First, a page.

ISO/IEC TR 27019 — Information technology — Security techniques — Information security management guidelines based on ISO/IEC 27002 for process control systems specific to the energy industry (DRAFT)
Scope and purpose
This standard (a Technical Report) is intended to help organizations in the energy industry interpret and apply ISO/IEC 27002 in order to secure their electronic process control systems.
The global energy industry or sector has a strong culture of safety since the devastating physical impacts caused by explosions, oil/chemical spills etc. are readily apparent (Bhopal, Three-mile Island, Chernobyl, Gulf of Mexico, Fukoshima ... need we say more?). The industry also has a strong awareness of its environmental responsibilities both in terms of its own operations and the downstream impacts of some of its products. Furthermore, the industry has a strong culture of security (both physical and information security) due to the enormous capital value of the investments necessary to produce energy products efficiently and effectively, and due to its customers’ extreme reliance on its products. Energy sector organizations, whether governmental or commercial, are generally classed as part of the critical infrastructures of the countries in which they operate due to their obvious national significance.
The industry faces substantial information security risks as a consequence of:
Threats including natural disasters and deliberate attacks from hackers, malware, social engineers, terrorists, insiders, pressure groups and foreign states, as well as more mundane threats from accidents, competitors, mechanical failures etc.;
Vulnerabilities inherent in their systems and processes, particularly process control systems that are (in some manner) connected to, exposed to or accessible from the Internet and other networks; and
Impacts, particularly limited availability and/or integrity of critical information leading to supply interruptions (e.g. power cuts), out-of-specification supplies (e.g. over/under-voltage supplies) and safety issues (e.g. oil/gas/radiation leaks or explosions).
With an extremely high level of automation, the energy industry relies heavily on electronic process control systems such as Programmable Logic Controllers (PLCs), Industrial Control Systems (ICS) and Supervisory Control And Data Acquisition (SCADA), plus the associated networks and procedures, to monitor, direct and control its production activities in real time. Most of the safety-related operations, for example, in a modern plant depend first and foremost on networked computer systems with electronic monitoring and electrically-operated valves, switches and actuators, while manually-operated controls are often limited to specific backup/emergency functions. Many of the monitored and controlled systems are located in physically stressful locations subject to extreme heat, pressure, corrosion and/or vibration, and some are distributed remotely.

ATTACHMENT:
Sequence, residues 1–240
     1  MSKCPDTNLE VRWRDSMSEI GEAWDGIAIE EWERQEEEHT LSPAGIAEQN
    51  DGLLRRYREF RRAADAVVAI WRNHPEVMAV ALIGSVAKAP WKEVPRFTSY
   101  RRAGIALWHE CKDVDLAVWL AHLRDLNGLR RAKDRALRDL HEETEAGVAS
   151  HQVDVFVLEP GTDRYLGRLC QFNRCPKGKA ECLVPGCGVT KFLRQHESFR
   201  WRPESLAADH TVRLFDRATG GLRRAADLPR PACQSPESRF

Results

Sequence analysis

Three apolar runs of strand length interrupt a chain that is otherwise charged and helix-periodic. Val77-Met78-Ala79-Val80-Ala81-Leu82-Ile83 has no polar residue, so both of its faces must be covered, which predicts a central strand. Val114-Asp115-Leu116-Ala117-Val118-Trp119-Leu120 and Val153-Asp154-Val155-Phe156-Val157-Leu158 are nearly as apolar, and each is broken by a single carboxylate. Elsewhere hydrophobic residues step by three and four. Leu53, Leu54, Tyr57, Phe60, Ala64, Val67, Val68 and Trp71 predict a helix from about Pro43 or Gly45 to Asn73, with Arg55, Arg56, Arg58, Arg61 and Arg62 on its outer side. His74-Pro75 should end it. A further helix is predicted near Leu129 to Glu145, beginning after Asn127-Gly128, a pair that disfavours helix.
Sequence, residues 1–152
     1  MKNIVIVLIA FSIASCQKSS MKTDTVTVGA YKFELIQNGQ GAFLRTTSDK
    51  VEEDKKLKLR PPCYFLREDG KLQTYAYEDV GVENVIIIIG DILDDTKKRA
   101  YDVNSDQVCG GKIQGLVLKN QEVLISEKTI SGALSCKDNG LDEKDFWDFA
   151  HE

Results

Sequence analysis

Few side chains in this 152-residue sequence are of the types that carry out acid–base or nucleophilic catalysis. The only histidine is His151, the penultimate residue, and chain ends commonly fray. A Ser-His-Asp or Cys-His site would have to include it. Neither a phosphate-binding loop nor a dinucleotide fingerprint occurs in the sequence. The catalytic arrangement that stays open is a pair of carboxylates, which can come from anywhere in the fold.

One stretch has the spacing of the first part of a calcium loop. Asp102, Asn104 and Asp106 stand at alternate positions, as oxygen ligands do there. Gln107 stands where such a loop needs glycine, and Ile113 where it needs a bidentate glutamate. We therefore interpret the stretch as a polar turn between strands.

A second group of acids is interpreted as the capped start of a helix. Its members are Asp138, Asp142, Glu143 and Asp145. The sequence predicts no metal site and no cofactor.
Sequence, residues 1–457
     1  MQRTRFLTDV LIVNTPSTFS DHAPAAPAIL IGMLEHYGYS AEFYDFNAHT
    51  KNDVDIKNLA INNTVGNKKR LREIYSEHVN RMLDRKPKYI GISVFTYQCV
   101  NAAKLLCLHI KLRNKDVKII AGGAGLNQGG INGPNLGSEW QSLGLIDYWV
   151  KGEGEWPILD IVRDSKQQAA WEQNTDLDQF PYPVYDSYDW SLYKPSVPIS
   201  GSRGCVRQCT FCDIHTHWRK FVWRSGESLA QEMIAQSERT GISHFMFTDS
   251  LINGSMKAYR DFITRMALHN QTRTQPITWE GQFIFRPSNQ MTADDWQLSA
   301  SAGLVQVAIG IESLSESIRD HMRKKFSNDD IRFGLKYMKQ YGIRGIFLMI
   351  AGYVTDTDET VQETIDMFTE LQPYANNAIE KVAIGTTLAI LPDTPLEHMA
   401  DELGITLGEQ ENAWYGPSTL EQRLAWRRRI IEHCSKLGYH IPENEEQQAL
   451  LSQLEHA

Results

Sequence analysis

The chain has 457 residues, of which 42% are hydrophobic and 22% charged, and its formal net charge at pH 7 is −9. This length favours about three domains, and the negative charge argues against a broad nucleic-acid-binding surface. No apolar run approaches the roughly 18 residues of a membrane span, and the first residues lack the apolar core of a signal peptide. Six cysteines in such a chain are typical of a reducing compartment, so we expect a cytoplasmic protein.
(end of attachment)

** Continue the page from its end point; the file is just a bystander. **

In short, the industry cannot function normally and safely without its electronic process control systems and networks, while serious, widespread or extended incidents cause severe national if not international repercussions.
The introduction to the draft standard states:
“At the focus of application of this document are the systems and networks for controlling and supervising the generation, transmission and distribution of electric power, gas and heat in combination with the control of facilitating processes. This includes control and automation systems, protection and safety systems and measurement systems, including their associated communications and telecontrol applications.”
Information security management presents fundamentally the same risk management challenges in all contexts, but the real-time nature of process control systems and the safety and environmental criticality make some of the challenges particularly extreme for organizations in the energy industry. The standard will therefore provide additional, more specific guidance on information security management than the generic advice provided by ISO/IEC 27002.
The donor text for this standard consists of an English translation of the existing German standard DIN SPEC 27009:2012-04, which is itself based on ISO/IEC 27002:2005. It follows the structure of ’27002 closely, providing additional guidance where appropriate.
Note that ISO/IEC TR 27019 must be used in conjunction with ISO/IEC 27002 since it does not incorporate the content of ’27002. Other ISO27k standards are also recommended to fill-in the broader context e.g. ISO/IEC 27001 for an overarching Information Security Management System that encompasses process control as well as general commercial systems, networks and processes, plus ISO/IEC 27005 for information security risk management practices.
Status of the standard
An existing, published German standard is being fast-tracked to become an ISO/IEC international standard. If things go to plan, ISO/IEC TR 27019 should be published soon.
The text is available to SC27 for approval.
The standard will need to be revised when the new, substantially revised version of ISO/IEC 27002 is released in 2013 (hopefully!).